William Smith High School
89
Aurora West
87
Vanguard Classical
82
Lotus Schools of Excellence
74

And in asking about achievement, you will surely want to ask what is happening at our three troubled BIG high schools. Some would like to say ACHS is unique in its struggles, but Gateway and Hinkley—with good reason—are now the accountability clock too.  Addendum G shows how the BIG THREE are doing, in contrast to the much higher performance at three SMALLER high schools.  

I trust future school board members are willing to ask a basic question as: does school size matter?  Especially in our community—with so many immigrants, so much mobility, where it can matter all that much more to have schools become community where each student is known well by the adults in the building?  The next board should realize that questions about the “right” size of a school is not the same as asking: how many students can this building hold?[viii]  It appears that this has prevented ACHS from exploring a more fundamental restructuring. Many of us believe we give educators and students a much greater chance of success, of building good relationships and a strong community, in a smaller setting.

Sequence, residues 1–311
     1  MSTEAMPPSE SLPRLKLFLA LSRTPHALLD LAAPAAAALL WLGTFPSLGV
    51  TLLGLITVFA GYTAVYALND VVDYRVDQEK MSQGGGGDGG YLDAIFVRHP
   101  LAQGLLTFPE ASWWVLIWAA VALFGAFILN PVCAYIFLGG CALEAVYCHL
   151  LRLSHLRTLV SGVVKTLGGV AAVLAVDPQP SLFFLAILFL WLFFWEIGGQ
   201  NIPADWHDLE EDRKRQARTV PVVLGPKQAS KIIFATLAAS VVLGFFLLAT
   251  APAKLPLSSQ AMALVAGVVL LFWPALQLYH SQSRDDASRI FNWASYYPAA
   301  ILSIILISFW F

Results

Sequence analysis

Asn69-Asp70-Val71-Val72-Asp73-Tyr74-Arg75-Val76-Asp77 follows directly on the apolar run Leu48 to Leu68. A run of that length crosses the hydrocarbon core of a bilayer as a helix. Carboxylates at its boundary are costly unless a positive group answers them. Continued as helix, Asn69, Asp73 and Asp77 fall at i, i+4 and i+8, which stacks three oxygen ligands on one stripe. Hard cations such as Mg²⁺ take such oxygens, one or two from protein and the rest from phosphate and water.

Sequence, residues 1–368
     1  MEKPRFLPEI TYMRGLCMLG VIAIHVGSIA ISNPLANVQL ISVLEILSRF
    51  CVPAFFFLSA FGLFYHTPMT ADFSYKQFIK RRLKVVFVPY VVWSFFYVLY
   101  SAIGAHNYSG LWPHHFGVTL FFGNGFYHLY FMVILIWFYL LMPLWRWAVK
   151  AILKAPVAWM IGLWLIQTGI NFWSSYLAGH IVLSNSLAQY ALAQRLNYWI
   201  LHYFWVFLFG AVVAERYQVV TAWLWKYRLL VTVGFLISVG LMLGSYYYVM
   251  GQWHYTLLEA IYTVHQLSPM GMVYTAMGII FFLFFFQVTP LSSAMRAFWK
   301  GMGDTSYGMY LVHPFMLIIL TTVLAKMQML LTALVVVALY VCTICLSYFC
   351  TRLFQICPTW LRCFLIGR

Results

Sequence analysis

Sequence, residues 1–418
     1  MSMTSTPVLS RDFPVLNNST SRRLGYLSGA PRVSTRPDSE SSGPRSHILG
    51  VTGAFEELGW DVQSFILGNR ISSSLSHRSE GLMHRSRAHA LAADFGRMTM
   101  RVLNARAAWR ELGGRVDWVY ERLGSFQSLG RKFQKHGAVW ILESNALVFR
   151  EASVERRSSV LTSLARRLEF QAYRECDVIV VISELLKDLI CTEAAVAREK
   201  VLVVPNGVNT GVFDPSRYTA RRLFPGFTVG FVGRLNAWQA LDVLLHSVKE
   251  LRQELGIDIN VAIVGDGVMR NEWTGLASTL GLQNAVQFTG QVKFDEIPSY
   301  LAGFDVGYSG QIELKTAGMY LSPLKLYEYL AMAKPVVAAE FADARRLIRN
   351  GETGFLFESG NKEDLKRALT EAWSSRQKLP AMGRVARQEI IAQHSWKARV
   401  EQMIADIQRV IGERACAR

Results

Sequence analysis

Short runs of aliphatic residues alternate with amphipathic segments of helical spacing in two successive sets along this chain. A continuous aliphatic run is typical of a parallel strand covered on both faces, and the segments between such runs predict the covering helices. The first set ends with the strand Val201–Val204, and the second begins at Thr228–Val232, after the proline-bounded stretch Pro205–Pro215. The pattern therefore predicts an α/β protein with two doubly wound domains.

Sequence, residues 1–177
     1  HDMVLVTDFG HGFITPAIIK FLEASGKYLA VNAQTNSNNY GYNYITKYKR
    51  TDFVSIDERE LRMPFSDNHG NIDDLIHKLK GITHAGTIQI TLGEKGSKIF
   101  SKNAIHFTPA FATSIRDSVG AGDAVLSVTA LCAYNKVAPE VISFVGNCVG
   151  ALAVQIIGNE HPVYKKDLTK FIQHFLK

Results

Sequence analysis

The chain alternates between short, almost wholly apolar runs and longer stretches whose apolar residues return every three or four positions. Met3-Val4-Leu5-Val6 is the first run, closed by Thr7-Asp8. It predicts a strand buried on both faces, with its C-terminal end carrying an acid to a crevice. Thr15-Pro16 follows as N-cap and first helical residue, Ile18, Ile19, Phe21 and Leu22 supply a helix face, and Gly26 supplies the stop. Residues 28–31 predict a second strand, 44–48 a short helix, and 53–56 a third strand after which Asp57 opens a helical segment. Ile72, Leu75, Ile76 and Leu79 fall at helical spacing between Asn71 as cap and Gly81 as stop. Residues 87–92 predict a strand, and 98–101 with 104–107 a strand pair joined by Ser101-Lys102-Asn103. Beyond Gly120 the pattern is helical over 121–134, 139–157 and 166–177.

Graduating – but not college ready

A final point related to the woeful performance of the district’s big three high schools.  Yes, the district’s graduation rate improved from 59% in 2015 to 65% in 2016, but let’s be clear: as Chalkbeat Colorado’s report showed, of the 10 largest districts in Colorado, APS had the lowest graduation rate.

You would be correct to say: wait, we don’t care about comparisons with Boulder and Cherry Creek.  What about comparisons with districts enrolling a similarly high percentage of students qualifying for Free and Reduced Lunch? I offer that here - Addendum H.  It should raise the question: So is 65% good news? (I also present the graduation rates at the six high schools referred to above—big and small.)

What is more, a responsible board will find graduation rates suspect when they see the alarming percentage of recent APS graduates who found they were not ready to take college level classes.  For Aurora Central graduates in 2015, 70.3% required remedial classes upon entering college or universities in-state – 52 out of 74 students.  For Gateway, 61.8% - 47 out of 76.  Among Colorado districts with over 200 students graduating and going, Aurora’s remediation rate was the 4th highest. 

                   Remediation rate[ix] 
           2015 high school graduates
Pueblo 60
54.9
Brighton
54
Greeley 6
53.1
Aurora
48.7
Pueblo 60
48.6
Falcon
47
Denver
45.4
STATE of COLORADO
36.1

I trust such data will encourage the new board to ask about the value of a high school degree when so many recent graduates find they are compelled to take remedial classes. What, exactly, does that diploma from an Aurora high school mean?

To all who win and serve on the board, it’s just one more essential question you will want to ask!

My best wishes to you.